The Hubble Space Telescope is still stuck in ‘safe mode’, after Nasa engineers failed to restore it to operation following a computer error.
The $4.7 billion telescope halted on 13 June, when the main computer stopped receiving the “keep-alive” signal, which is a standard “handshake” (or a way of establishing a connection) between the payload and the spacecraft’s main computers.
The telescope put all scientific equipment into safe mode, and Nasa attempted to restart the satellite – to no avail. Nasa believes that a degrading computer memory module, made in the 1980s, is the cause of the fault.
“When the operations team attempted to switch to a back-up memory module”, Nasa wrote in a statement, “the command to initiate the backup module failed to complete. Another attempt was conducted on both modules Thursday evening to obtain more diagnostic information while again trying to bring those memory modules online. However, those attempts were not successful.”
The computer, a Nasa Standard Spacecraft Computer-1 (NSSC-1) system, was built in the 1980s as a part of the Science Instrument Command and Data Handling module – last replaced during a servicing mission in 2009.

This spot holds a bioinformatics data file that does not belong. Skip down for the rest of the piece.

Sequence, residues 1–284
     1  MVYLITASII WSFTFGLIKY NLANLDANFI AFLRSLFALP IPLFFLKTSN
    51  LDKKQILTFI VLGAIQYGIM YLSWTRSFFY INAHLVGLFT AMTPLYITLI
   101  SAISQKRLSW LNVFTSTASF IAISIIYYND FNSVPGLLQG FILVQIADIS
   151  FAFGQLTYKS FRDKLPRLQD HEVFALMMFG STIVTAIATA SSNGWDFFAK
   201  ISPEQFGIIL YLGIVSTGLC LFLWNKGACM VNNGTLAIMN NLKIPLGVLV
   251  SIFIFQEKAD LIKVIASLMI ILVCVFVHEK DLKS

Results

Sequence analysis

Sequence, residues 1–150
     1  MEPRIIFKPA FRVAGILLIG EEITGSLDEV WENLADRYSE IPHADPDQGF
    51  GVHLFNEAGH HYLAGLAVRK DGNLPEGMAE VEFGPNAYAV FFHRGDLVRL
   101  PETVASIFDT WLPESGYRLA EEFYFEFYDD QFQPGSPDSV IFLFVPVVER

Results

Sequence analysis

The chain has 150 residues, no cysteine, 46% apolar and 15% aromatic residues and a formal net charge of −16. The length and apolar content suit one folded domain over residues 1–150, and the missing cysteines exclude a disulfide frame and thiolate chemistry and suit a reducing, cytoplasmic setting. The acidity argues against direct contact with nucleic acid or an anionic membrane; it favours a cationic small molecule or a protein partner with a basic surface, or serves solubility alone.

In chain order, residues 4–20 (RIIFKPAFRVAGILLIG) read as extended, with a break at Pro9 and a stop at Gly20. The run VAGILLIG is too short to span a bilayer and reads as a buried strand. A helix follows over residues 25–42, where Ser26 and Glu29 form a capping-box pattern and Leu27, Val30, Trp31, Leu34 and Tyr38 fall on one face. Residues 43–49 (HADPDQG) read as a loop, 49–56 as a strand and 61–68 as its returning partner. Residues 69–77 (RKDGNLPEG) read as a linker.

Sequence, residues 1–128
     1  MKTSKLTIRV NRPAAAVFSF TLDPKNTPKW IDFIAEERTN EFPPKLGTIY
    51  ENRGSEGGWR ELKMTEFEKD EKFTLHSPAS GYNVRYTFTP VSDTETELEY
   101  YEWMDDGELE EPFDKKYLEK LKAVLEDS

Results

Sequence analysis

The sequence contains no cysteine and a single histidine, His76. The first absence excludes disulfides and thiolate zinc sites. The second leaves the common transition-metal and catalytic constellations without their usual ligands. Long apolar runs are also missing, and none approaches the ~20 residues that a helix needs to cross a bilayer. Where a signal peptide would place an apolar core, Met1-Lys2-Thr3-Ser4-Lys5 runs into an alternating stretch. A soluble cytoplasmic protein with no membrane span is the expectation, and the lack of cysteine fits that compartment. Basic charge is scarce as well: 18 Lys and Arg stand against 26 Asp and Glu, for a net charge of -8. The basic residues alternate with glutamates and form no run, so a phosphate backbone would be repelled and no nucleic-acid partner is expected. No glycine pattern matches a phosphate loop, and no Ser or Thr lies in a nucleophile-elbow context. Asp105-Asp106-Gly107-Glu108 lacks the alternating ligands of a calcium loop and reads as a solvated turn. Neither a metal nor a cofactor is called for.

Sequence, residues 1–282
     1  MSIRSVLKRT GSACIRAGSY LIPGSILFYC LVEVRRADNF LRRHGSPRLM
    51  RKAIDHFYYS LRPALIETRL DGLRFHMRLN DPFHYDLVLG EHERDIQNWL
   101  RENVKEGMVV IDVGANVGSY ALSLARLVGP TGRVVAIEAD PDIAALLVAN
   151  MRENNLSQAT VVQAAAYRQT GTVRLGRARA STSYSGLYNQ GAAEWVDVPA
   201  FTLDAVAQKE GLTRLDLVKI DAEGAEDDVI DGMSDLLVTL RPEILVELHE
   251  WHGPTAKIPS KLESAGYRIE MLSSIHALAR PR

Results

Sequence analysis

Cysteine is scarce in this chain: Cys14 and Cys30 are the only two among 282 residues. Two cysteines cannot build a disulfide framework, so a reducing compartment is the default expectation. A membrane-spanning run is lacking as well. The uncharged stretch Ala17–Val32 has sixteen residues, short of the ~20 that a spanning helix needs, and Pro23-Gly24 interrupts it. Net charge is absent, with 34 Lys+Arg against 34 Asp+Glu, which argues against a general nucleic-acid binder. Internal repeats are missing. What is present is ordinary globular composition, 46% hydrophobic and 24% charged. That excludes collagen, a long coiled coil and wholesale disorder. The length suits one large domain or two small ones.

It is designed to coordinate and control the scientific instruments, as well as monitoring them for health and safety concerns, supported by a second computer that can – theoretically - take over control in the event of a problem.
Both computers have four 64K Complementary Metal-Oxide Semiconductor (CMOS) memory modules. The payload computer only uses one memory module operationally at a time, with the other three serving as backups.
Unfortunately, it is not yet known when Nasa will be able to bring the Hubble Space Telescope back to normal functionality. A spokesperson for Nasa said that there is “no definitive timeline for bringing the computer back online” but that the space agency has “multiple options available to them and are working to find the best solution to return the telescope to science operations as soon as possible."
The Hubble Space Telescope, which has been operating in a low-Earth orbit of 340 miles at 17,000 miles per hour, is set to be soon replaced by the James Webb Space Telescope. Nasa will be sending the new craft into orbit on 31 October aboard an Ariane 5 rocket.